We are born in relationship, wounded in relationship and need to recover in relationship. Our significant relationships can either help or hinder our recovery. In this workshop experiential methods will be discussed, demonstrated, and practiced to help our clients identify the relationships that work and/or don’t work and ways to make changes to enhance recovery. Some say we are born alone. J. L. Moreno the founder of Psychodrama, Sociometry, and Group Psychotherapy believed that we were born in relationship to another. We are born attached to our mothers through our umbilical cords. We cannot survive without that connection. After birth we continue in a state of a symbiotic connection with our mother and those around us. Others seem to be extensions of ourselves. There is a oneness between our self and another. Again our survival is totally dependent on others.
In Moreno’s theory of childhood development, the first stage is doubling. Doubling is both a part of the theory and also a therapeutic technique. Doubling occurs when someone comprehends us, understands and meets our needs enough so that we can survive, feel safe, and we can eventually move up the developmental ladder. What happens in the initial dyad is a precursor to dealing with future relationships. When the primary double encourages a bond, this leads to a sense of trust and an internalized sense of being seen and understood. (Dayton) With this harmony within him/herself, the baby and can begin to self regulate. Disharmony in the initial dyad leads to a feeling of disharmony within him/herself.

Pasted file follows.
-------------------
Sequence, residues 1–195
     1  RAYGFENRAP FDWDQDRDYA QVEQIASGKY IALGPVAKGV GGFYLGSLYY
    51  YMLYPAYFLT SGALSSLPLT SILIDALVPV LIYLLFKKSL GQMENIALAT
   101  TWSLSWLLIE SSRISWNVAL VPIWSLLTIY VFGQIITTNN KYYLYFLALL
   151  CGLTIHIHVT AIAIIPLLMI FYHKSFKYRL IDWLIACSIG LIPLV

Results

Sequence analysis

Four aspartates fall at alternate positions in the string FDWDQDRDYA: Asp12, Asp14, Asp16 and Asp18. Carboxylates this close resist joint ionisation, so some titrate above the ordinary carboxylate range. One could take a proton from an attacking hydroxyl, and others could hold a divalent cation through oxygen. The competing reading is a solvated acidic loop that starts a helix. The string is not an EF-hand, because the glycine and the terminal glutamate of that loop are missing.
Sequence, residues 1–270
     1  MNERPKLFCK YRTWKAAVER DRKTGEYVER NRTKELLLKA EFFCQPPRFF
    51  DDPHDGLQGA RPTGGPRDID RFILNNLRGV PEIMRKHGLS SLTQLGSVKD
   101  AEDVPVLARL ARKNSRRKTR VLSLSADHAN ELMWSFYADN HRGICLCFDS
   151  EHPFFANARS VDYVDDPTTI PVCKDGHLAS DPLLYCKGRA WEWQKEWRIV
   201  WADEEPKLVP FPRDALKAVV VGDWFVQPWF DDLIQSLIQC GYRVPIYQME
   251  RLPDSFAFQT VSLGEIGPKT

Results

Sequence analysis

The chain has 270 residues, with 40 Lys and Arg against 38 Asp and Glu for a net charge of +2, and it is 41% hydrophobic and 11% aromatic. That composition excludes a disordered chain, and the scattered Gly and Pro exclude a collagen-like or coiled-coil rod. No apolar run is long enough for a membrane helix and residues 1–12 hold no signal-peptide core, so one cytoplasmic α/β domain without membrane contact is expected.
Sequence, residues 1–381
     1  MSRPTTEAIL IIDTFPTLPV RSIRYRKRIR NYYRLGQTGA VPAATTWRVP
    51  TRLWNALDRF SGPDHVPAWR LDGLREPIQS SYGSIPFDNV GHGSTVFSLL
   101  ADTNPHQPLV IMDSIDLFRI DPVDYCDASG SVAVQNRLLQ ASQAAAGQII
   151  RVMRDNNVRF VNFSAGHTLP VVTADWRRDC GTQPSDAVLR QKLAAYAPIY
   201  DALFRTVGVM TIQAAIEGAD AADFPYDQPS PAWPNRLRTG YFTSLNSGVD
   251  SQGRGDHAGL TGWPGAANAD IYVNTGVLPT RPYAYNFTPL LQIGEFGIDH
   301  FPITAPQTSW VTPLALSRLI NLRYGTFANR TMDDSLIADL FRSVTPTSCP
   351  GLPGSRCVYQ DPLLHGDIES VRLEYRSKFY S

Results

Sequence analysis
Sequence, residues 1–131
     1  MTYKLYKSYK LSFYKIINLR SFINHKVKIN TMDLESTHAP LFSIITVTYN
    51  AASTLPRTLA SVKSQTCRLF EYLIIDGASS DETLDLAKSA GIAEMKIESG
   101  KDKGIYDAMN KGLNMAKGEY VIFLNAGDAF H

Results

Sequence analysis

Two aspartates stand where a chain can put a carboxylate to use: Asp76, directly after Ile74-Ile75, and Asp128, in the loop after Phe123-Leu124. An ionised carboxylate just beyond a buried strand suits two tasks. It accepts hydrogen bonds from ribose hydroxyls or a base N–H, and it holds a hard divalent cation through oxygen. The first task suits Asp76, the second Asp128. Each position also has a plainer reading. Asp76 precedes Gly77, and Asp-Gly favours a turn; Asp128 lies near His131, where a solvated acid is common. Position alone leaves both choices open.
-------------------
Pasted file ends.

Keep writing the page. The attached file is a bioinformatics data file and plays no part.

It takes quite a while before we can think of others as separate. Moreno believed that after doubling we go through the stage of mirroring. This occurs when someone comprehends us and shows or tells us how we appear to others, and we can begin to see what others see. The quality of our mirroring must impact our connection to our bodies. If the mirror is harsh and punitive, we then can experience inner confusion and this can weaken our connection to the outside world. (Dayton) Whose sense of ourselves do we trust, our own or another’s? If however, what the mirror reflects is sensitive and aligned with our inner reality we begin to feel understood and begin to see how others perceive us. There is a sense of congruency.
A more advanced developmental stage is stepping into another’s shoes, also called role reversal. This is when one temporarily leaves the self to experience the position of the other and then comes back to themselves with often a new perspective. Co-dependents
seem to be in another’s body more than their own. They quickly role reverse and sacrifice themselves for another’s needs.
Add to the mix Neurobiology and Bowlby’s Attachment Theory. Studies in neurobiology indicate how critical the early environment is in laying down the neural wiring that becomes part of our emotional regulation throughout our lives. However there is hope in later life to change one’s response to a feeling of disconnection.
Attachment theory comes into play in understanding our connections to others. Tenets of attachment theory according to ( Johnson 2004) are: